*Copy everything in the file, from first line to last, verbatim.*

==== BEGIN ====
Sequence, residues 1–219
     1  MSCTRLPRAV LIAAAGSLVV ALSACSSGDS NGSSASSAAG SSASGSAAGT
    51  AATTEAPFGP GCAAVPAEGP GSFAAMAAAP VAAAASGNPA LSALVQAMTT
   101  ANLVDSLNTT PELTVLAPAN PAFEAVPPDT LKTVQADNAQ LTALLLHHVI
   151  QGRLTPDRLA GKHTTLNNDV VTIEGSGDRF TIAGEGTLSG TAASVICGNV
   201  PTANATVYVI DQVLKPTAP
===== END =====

Sequence, residues 1–219
     1  MSCTRLPRAV LIAAAGSLVV ALSACSSGDS NGSSASSAAG SSASGSAAGT
    51  AATTEAPFGP GCAAVPAEGP GSFAAMAAAP VAAAASGNPA LSALVQAMTT
   101  ANLVDSLNTT PELTVLAPAN PAFEAVPPDT LKTVQADNAQ LTALLLHHVI
   151  QGRLTPDRLA GKHTTLNNDV VTIEGSGDRF TIAGEGTLSG TAASVICGNV
   201  PTANATVYVI DQVLKPTAP